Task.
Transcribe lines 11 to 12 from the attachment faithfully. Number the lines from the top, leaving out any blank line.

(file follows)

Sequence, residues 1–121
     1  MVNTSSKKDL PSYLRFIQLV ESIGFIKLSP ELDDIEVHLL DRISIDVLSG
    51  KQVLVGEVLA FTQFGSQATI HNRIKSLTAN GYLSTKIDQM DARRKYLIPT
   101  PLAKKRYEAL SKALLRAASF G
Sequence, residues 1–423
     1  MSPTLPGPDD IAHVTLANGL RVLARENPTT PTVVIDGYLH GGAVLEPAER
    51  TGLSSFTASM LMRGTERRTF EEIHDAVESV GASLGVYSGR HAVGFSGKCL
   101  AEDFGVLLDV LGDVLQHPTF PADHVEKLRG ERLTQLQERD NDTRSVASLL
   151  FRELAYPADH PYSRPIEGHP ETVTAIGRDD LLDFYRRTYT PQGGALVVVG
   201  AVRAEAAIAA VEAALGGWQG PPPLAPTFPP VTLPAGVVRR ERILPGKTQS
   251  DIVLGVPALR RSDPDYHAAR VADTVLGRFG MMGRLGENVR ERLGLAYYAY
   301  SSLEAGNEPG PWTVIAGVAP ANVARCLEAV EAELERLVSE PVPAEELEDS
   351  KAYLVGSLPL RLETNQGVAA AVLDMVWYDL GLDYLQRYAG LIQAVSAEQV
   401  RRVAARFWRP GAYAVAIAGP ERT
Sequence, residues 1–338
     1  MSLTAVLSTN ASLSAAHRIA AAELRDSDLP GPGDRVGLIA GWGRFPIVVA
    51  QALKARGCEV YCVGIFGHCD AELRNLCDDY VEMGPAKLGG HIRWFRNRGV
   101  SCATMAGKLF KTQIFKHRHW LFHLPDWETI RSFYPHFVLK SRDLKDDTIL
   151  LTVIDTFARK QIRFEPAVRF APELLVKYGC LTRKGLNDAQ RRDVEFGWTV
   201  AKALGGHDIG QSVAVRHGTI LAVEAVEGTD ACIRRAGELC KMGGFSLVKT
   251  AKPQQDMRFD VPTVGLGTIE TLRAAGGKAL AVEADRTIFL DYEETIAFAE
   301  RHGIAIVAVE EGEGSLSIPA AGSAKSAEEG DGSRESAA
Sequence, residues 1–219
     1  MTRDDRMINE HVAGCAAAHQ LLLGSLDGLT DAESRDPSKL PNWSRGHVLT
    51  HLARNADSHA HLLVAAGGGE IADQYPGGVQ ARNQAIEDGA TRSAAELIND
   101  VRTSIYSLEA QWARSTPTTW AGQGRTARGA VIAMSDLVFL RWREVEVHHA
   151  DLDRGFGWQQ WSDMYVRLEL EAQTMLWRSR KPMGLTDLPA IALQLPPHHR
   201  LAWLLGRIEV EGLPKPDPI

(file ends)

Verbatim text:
   251  DIVLGVPALR RSDPDYHAAR VADTVLGRFG MMGRLGENVR ERLGLAYYAY
   301  SSLEAGNEPG PWTVIAGVAP ANVARCLEAV EAELERLVSE PVPAEELEDS